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I'm trying to decide on an appropriate statistical test to determine whether there is a significant difference in average ratings (out of 10) between two groups.

  • The scale is 1-10
  • The distribution of ratings is left-skewed
  • Sample size is around 20 in group A and 50 in group B

I was initially going to use a T-Test for this given the small sample and the fact that the sample itself is probably not representative of the population, but wasn't sure whether the test should compare means, or whether the ratings should be formulated as proportions (given they're on a bounded scale). Also not sure whether the skewness would make a T-Test inappropriate here...

What would a more competent statistician recommend?

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    $\begingroup$ No test compensates for "the fact that the sample itself is probably not representative of the population". If that's really what you think, what do you think any test can tell you? $\endgroup$
    – Nick Cox
    May 19, 2021 at 10:38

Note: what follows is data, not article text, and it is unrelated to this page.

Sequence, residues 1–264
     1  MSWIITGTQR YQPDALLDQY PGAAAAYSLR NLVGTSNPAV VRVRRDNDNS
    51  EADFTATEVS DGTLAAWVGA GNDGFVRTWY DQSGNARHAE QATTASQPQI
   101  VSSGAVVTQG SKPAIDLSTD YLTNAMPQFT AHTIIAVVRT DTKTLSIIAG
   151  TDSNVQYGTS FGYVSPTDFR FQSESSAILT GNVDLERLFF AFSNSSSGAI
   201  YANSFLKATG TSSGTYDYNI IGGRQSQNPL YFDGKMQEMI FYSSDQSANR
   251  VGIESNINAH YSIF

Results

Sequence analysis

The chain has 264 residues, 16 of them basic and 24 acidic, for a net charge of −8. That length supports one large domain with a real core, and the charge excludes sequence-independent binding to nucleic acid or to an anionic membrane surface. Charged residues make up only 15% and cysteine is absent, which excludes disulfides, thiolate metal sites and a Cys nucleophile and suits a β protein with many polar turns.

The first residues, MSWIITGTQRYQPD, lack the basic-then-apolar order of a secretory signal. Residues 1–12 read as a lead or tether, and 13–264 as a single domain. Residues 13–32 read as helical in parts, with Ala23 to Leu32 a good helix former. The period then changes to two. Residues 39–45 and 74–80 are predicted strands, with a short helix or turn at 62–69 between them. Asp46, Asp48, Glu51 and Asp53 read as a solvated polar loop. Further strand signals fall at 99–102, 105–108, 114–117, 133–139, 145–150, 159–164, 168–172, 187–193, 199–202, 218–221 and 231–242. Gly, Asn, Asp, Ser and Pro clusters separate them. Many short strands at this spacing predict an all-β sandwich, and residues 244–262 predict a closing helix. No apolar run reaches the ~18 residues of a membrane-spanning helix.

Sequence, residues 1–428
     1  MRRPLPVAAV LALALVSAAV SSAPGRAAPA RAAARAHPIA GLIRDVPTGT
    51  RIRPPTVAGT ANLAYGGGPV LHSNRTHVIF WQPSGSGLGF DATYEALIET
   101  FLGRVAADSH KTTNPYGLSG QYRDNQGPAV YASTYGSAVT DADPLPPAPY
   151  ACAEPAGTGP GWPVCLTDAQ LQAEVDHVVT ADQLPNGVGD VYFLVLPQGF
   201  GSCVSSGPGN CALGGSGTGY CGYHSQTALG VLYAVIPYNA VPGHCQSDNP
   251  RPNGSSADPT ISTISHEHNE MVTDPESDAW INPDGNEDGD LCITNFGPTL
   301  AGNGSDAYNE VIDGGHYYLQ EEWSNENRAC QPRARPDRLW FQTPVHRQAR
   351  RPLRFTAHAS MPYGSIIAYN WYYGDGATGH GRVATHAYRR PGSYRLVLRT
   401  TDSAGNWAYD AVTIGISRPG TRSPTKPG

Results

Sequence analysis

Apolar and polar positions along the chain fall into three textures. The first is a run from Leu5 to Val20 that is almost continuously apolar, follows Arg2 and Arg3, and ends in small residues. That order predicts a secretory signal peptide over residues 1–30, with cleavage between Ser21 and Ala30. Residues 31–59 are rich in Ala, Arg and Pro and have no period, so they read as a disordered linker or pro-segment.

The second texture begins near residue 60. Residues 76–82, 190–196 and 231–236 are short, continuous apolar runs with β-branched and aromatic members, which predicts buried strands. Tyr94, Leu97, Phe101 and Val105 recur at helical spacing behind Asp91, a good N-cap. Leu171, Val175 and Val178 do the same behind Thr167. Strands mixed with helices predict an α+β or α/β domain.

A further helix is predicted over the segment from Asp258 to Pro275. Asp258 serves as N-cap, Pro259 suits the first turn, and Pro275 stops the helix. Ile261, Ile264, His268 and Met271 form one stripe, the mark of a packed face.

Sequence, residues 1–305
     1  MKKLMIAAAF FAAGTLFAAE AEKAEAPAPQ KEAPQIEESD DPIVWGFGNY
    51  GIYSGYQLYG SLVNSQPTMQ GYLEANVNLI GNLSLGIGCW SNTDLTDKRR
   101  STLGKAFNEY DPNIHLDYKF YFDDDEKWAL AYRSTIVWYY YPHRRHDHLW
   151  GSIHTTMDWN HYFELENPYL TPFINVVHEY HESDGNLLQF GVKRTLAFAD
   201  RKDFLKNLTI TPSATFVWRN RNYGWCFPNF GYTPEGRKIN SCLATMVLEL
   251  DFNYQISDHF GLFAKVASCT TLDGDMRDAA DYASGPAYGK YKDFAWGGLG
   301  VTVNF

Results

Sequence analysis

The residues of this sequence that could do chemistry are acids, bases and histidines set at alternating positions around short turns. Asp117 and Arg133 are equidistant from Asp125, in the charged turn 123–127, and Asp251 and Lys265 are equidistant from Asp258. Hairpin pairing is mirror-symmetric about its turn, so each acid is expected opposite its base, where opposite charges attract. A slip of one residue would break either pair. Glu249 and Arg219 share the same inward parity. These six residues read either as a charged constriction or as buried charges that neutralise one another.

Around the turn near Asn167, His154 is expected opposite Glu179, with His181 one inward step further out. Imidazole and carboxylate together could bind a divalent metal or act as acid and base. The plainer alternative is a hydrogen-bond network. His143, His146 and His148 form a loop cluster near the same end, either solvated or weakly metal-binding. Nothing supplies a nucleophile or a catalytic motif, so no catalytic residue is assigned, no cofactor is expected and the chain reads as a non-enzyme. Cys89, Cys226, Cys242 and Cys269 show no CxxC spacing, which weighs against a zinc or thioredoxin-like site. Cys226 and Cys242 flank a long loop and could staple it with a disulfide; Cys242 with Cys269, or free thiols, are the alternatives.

• $\begingroup$ Yes, sorry, on further reflection I misspoke there. What I'm comparing are ratings across two groups of books that I have chosen to read. I have no reason to think that the sample is unrepresentative of the population of books that I would choose to read. It would however be unrepresentative of the wider population of books in general, given the selection bias, but that doesn't seem relevant given I'm looking to understand my own relative preferences between two groups - books that "exist but I would never read" wouldn't be part of the population, I guess. $\endgroup$ May 19, 2021 at 12:11

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Mann-Whitney U test is probably what you're looking for. It's nonparametric, so skewness is not a problem for it.

But, to be strict, it does not compare averages. It compares

  • probability that ranking of an entity from group 1 is bigger than ranking of an entity from group 2

with

  • probability that ranking of an entity from group 2 is bigger than ranking of an entity from group 1

Another commonly used name for it is Wilcoxon two sample test, hence R function that carries it is wilcox.test().

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    $\begingroup$ Not your fault, but naming the R function wilcox not wilcoxon is an example of misguided conciseness. (Bizarrely, Wilcoxon did have a later co-author Wilcox.) $\endgroup$
    – Nick Cox
    May 19, 2021 at 10:39
  • $\begingroup$ I'll do some more research on this suggestion and will mark as solution if it fits what I'm trying to achieve. Thank you! $\endgroup$ May 19, 2021 at 12:13

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